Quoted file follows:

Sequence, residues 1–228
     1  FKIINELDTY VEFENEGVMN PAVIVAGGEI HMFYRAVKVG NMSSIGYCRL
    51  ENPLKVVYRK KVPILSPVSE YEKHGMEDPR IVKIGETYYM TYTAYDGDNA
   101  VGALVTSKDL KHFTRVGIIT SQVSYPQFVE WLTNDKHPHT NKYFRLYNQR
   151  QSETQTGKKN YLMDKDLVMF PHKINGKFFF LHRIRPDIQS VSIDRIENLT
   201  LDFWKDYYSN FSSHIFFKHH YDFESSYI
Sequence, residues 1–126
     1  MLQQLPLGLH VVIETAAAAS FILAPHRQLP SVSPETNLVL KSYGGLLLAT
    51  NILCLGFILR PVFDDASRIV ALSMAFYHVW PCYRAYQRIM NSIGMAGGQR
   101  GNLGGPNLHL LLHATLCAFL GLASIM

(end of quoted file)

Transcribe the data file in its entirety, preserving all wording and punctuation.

Sequence, residues 1–228
     1  FKIINELDTY VEFENEGVMN PAVIVAGGEI HMFYRAVKVG NMSSIGYCRL
    51  ENPLKVVYRK KVPILSPVSE YEKHGMEDPR IVKIGETYYM TYTAYDGDNA
   101  VGALVTSKDL KHFTRVGIIT SQVSYPQFVE WLTNDKHPHT NKYFRLYNQR
   151  QSETQTGKKN YLMDKDLVMF PHKINGKFFF LHRIRPDIQS VSIDRIENLT
   201  LDFWKDYYSN FSSHIFFKHH YDFESSYI
Sequence, residues 1–126
     1  MLQQLPLGLH VVIETAAAAS FILAPHRQLP SVSPETNLVL KSYGGLLLAT
    51  NILCLGFILR PVFDDASRIV ALSMAFYHVW PCYRAYQRIM NSIGMAGGQR
   101  GNLGGPNLHL LLHATLCAFL GLASIM